The United States recorded 91,799 overdose deaths in 2020, a figure that represents an annual increase of nearly 30% and of which there were record highs among black, white, and Native American and Alaskan communities, health officials said Tuesday.
The report from the Centers for Disease Control and Prevention (CDC) specified that 26,625 deaths were noted among the white population, which represented an increase of 22 % compared to 2019.
Among African-Americans, that increase stood at 44%, to 7,467; among Native Americans and Alaska Natives, it reached 39%, to 456, and among Hispanics 21%, to 3,081 deaths.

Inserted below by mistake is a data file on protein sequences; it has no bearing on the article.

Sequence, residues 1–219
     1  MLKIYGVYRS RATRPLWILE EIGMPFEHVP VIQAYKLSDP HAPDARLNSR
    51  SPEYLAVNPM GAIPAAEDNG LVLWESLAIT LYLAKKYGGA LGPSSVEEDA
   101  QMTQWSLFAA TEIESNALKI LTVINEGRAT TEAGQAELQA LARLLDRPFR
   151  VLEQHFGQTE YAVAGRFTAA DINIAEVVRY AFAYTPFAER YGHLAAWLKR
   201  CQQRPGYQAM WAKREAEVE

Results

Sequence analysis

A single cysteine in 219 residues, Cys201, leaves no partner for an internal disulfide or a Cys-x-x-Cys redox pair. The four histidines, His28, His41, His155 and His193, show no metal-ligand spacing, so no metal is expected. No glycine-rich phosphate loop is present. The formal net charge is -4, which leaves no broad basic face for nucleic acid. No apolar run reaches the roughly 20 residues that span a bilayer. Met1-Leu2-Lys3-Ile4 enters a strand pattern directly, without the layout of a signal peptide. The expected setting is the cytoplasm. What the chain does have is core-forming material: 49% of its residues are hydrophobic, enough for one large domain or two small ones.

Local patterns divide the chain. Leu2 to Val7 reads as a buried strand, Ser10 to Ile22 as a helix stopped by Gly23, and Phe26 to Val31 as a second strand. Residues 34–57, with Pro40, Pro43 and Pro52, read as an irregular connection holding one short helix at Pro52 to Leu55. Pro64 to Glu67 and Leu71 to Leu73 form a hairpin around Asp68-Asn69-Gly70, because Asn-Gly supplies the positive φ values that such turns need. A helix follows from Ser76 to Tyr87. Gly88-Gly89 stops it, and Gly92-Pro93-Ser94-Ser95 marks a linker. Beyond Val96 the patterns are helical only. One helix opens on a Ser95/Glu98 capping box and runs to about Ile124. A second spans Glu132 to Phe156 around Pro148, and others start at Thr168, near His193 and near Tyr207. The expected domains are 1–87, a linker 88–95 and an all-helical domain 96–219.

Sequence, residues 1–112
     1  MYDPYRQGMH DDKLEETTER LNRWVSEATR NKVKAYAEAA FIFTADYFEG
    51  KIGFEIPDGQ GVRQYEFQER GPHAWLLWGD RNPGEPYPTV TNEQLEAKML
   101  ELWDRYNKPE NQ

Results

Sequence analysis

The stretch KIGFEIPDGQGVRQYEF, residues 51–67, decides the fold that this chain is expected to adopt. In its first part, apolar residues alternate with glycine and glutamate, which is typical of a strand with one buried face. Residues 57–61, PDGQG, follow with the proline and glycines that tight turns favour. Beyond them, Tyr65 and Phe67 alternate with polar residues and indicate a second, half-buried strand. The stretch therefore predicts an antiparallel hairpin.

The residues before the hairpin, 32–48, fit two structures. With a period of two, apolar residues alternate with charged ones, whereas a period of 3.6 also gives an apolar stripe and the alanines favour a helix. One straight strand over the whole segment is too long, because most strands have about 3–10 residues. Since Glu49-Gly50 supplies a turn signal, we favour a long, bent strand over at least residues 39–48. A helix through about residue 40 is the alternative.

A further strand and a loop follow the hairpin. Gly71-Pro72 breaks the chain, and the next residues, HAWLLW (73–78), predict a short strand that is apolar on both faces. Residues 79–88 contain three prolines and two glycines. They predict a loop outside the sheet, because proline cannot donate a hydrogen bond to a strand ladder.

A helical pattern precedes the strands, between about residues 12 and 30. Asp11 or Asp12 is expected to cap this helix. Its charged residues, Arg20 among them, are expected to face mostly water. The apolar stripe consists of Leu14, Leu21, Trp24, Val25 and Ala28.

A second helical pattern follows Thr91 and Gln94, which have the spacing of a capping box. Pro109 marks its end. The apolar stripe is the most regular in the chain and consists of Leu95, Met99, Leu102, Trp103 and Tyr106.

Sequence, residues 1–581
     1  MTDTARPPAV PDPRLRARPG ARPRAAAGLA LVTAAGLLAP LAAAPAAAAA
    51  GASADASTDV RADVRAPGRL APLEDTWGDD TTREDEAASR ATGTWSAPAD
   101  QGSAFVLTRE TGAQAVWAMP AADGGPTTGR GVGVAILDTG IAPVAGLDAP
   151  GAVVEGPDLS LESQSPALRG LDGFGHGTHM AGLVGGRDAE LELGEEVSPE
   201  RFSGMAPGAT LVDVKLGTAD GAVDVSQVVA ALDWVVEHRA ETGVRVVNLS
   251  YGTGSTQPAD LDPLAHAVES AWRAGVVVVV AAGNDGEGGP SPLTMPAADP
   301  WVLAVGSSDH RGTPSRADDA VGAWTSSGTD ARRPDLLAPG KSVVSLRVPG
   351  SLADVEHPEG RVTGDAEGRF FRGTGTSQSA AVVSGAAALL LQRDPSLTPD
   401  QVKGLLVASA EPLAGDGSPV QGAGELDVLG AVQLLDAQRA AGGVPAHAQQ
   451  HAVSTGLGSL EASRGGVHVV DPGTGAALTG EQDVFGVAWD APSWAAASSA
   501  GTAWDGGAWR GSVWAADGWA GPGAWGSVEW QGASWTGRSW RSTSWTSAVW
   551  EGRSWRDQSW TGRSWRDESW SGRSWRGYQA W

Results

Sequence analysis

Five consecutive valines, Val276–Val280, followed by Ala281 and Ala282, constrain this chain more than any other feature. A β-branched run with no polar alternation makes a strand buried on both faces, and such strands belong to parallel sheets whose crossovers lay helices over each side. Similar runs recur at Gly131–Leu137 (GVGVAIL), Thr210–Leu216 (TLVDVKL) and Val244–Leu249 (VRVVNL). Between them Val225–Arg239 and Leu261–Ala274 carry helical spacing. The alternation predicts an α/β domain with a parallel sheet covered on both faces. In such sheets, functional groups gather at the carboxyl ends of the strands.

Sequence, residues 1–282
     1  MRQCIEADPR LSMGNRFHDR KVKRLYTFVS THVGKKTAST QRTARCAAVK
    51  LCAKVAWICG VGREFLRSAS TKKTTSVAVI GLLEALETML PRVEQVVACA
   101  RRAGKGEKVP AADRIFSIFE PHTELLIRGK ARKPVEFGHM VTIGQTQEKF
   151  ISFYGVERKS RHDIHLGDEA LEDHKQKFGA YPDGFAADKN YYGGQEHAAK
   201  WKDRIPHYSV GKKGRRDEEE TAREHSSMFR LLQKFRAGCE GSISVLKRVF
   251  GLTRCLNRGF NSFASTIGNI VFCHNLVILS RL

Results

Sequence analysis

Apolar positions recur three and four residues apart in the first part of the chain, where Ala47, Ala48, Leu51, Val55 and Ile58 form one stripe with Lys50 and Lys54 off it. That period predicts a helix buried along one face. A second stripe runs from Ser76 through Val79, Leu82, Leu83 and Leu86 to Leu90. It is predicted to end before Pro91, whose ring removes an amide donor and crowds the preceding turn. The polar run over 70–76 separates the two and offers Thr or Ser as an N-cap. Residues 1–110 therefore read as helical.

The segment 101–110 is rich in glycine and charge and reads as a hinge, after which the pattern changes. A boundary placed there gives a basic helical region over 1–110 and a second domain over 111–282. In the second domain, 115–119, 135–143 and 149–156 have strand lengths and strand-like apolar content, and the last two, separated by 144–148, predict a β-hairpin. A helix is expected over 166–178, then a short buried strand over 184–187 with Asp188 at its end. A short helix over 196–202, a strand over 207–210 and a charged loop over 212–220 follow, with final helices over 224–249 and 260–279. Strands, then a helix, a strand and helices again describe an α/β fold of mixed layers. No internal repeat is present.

The CDC, which carries out its analysis with data from 25 states in the country and the District of Columbia, considered that the difficulties in accessing prevention and recovery treatments due to pandemic closures probably contributed to this O.D. spike.
Fentanyl, a synthetic drug 100 times more potent than morphine, is responsible for most of the increase in deaths.
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